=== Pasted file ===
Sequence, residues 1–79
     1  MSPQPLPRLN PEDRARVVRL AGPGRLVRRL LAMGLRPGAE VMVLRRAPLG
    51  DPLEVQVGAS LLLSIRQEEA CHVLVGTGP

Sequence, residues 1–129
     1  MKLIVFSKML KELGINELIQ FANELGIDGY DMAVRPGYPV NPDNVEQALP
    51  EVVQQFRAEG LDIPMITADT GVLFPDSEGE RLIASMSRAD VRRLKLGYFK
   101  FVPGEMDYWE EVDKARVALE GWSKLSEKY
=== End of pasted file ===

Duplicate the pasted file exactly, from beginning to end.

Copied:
Sequence, residues 1–79
     1  MSPQPLPRLN PEDRARVVRL AGPGRLVRRL LAMGLRPGAE VMVLRRAPLG
    51  DPLEVQVGAS LLLSIRQEEA CHVLVGTGP

Sequence, residues 1–129
     1  MKLIVFSKML KELGINELIQ FANELGIDGY DMAVRPGYPV NPDNVEQALP
    51  EVVQQFRAEG LDIPMITADT GVLFPDSEGE RLIASMSRAD VRRLKLGYFK
   101  FVPGEMDYWE EVDKARVALE GWSKLSEKY